Ambivalence

366972076_6927ef3d28

On Tuesday, I flipped the calendar to a new month. October.

The leaves have turned ever so slightly in these first few days, though the bulk of that work can be credited to September. It is only the fourth, afterall. But as the vibrant colors of fall prepare to overwhelm us, even the most optimistic among us knows what this means. Cool weather, shorter days, and eventually, snow and ice.

We are all so ambivalent about October.

For me, there are other reasons. I was born in October. For the past 43 Octobers, at least one day of the month brings a celebration of me! Parties, dinners out, gifts, gatherings with friends. Who doesn’t love the month they are born? (Cue the naysayers.)

But October is also the month when I first understood I would die.

About this time six years ago, cancer came knocking. I don’t exactly know what day to mark for this occasion. The week was a gradual unfolding of the worse news of my life. On October 3, I was admitted to the hospital. On October 4, I saw an oncologist. On October 7, I was told I needed surgery.  On October 8, they confirmed the presence of cancer. On October 9, I had surgery and learned I had stage four serous papillary endometrial cancer. Every day since October 3, 2007, I have thought about cancer. Some days, I could think of nothing else. Others, it was just a faint memory.

When this time of year comes around again, I always feel an immense gratitude to Jesus. Though I am not going to do the research now to confirm the exact figures, I believe my odds were well below 50% percent that I would be alive two years after my diagnosis, much less six, and currently cancer free.

But I also get an ache in my abdomen where three scars mark me permanently, and a thick fear hangs low in my heart like a morning fog. I dread the anxiety of the constant three-month checkups, and I fear a fourth recurrence.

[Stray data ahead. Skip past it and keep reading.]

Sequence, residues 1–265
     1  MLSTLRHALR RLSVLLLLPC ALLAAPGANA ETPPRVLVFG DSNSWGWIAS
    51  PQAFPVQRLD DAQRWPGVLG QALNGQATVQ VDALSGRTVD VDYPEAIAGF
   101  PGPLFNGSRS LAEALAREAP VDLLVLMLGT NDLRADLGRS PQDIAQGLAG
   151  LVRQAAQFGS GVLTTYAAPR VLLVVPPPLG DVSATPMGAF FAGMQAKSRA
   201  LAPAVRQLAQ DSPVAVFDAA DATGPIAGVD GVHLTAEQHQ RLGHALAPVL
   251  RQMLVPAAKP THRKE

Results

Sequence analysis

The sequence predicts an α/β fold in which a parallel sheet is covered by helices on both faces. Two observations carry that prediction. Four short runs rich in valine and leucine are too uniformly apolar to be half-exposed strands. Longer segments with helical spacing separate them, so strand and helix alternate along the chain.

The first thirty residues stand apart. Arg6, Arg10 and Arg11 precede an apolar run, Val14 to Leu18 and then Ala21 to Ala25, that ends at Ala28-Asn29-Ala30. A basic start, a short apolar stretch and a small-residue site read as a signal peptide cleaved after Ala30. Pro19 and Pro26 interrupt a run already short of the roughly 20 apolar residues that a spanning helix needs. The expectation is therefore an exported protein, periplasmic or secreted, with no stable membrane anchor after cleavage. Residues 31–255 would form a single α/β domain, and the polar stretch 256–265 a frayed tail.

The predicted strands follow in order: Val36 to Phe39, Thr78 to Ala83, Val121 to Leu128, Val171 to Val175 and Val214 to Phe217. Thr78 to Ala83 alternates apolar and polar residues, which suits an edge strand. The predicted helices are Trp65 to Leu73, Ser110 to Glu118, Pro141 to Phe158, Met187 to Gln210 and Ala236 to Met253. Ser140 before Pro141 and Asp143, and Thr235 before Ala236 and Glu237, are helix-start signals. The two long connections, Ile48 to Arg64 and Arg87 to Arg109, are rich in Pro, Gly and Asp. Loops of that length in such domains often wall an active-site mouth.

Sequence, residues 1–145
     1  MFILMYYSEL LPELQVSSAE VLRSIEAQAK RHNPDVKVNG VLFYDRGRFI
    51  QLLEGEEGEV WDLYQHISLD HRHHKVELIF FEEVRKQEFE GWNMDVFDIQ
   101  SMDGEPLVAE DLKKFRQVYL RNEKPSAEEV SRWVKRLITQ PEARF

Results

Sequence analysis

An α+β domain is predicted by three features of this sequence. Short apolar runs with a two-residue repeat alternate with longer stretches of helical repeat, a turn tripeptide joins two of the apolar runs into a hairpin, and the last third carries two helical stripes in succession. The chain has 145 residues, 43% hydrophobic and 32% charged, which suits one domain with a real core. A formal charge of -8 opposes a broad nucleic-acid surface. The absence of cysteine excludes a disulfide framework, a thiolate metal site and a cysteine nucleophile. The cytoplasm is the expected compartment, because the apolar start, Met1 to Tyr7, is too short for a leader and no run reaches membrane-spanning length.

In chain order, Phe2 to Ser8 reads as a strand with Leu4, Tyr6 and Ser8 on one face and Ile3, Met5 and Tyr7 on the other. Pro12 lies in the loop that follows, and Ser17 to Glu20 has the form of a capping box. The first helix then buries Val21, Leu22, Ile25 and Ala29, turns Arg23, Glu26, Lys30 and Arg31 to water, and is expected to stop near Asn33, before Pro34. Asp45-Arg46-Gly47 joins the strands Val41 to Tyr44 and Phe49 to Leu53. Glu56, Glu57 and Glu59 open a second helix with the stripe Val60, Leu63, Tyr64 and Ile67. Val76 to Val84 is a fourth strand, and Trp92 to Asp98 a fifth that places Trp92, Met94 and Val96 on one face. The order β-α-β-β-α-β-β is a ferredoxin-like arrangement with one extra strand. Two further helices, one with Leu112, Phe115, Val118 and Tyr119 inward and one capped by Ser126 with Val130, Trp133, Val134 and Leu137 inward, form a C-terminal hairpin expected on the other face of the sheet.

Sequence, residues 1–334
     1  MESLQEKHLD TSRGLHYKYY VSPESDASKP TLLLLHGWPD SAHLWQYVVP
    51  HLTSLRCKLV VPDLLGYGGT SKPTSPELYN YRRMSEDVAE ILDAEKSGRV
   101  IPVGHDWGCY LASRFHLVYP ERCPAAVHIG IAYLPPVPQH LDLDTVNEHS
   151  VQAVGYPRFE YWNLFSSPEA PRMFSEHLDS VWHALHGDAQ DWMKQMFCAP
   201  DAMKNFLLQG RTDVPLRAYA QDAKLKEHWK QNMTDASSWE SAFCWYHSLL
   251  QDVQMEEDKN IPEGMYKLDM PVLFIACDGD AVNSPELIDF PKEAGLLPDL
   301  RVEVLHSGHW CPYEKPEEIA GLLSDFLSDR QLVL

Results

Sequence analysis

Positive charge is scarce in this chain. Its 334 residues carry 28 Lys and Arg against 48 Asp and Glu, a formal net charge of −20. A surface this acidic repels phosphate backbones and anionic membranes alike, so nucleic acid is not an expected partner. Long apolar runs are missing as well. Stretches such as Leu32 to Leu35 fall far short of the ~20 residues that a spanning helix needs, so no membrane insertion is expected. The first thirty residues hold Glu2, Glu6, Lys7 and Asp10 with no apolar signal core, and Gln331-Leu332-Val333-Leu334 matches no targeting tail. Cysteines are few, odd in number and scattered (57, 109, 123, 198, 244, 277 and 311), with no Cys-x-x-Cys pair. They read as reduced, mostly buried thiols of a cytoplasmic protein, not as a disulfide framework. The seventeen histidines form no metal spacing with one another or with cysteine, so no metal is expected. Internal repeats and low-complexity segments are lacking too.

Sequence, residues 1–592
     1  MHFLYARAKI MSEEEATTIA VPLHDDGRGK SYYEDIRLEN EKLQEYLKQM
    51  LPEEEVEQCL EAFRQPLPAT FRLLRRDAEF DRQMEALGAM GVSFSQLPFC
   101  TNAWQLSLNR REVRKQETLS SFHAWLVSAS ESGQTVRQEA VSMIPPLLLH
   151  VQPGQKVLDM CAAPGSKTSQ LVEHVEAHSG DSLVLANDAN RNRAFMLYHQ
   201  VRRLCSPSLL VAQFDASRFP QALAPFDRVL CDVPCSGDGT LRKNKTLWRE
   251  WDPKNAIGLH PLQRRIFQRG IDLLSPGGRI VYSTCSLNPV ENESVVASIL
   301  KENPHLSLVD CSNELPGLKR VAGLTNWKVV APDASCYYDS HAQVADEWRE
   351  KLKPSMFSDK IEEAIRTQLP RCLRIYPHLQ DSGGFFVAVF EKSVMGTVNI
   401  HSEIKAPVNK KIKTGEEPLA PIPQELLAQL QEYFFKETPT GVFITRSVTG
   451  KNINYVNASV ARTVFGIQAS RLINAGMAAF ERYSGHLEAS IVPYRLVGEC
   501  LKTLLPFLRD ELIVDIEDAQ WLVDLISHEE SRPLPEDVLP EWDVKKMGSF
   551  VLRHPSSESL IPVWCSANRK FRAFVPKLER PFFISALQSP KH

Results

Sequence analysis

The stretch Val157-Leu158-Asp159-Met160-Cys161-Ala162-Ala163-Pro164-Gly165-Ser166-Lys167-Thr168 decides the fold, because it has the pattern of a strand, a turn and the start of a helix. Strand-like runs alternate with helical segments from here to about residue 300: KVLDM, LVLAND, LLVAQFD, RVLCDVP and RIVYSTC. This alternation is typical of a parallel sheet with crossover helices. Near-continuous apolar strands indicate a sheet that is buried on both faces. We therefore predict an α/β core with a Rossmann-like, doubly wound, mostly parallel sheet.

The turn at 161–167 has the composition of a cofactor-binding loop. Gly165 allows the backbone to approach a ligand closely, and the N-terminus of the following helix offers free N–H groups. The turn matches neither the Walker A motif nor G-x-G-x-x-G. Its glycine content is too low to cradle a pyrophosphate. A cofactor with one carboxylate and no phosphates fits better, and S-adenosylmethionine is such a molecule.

I am so ambivalent about October.

The past few days, though, I have been thinking about all the things that Jesus has given me in the past six years, things I was certain would never come. Today, I thank Jesus for:

  • my husband
  • my three step-sons
  • the weddings of my two sisters and brother
  • the birth of four nephews
  • six more birthdays
  • six more Christmases
  • six more Easters
  • friends who have married and had children
  • trips to China, Seattle, Montana, Texas, California, Vermont
  • opportunities to write and edit at The High Calling and Tweetspeak Poetry and others

Photo by Joe Lanman, via Flickr, used with permission under the Creative Commons License.

 

identicon

Charity Singleton Craig

Charity Singleton Craig is a writer, author, and speaker, helping readers grow in their faith and experience true hope in the middle of life’s joys and sorrows. She is the author of My Year in Words: what I learned from choosing one word a week for one year and coauthor of On Being a Writer: 12 Simple Habits for a Writing Life That Lasts.


  • Megan Willome ,

    Your ambivalence is natural, I think. I know the date of my mother’s cancer diagnosis: March 30, 1981. Incidentally, it was also the day that President Reagan was shot. My parents have no memory of that event or any of the news coverage of it.

    If you hadn’t had six more years, I wouldn’t know you, since I only met you two years ago. I’ve been thinking about you a lot, looking forward to seeing you in November.

    • Charity Craig ,

      Megan – Your comment made me happy. Yes, getting to meet you two years ago was a gift. And getting to see you in a few weeks is even better! I’m very much looking forward to it.

    • Diana Trautwein ,

      I will gladly second Laura’s emotion. I am deeply grateful for you Charity and I celebrate the GIFT of this last six years when you might not have had them. There has been a huge load of hard in these years. Huge. But, there has also been so much beauty and goodness. Thank you for sharing this much of your journey with us (I think this is the first time I have read what kind of cancer you’ve been facing – wowza). I am grateful to know you.

      • Charity Craig ,

        Diana – I guess I don’t talk a lot about the particulars of my cancer anymore, because my situation has been so unique, that none of the old statistics or studies or research really apply. In fact, last December, my doctor admitted that he has no protocol for treating someone in my situation because it’s so rare. He’s just using his God-given wisdom. I’m thankful for that.

        I am so grateful to know you, too. You, also, are part of these last six years. Oh how thankful I am.

      • laura ,

        I’m thankful for you, Charity. And the ways you share your journey that inspire us all.

        • Charity Craig ,

          Thank you, Laura. I’m glad to be on this journey with you.